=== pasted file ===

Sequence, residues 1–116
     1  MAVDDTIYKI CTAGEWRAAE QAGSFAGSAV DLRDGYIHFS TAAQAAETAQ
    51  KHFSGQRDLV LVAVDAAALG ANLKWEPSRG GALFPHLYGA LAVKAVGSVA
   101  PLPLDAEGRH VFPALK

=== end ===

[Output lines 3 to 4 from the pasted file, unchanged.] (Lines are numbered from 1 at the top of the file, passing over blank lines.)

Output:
    51  KHFSGQRDLV LVAVDAAALG ANLKWEPSRG GALFPHLYGA LAVKAVGSVA
   101  PLPLDAEGRH VFPALK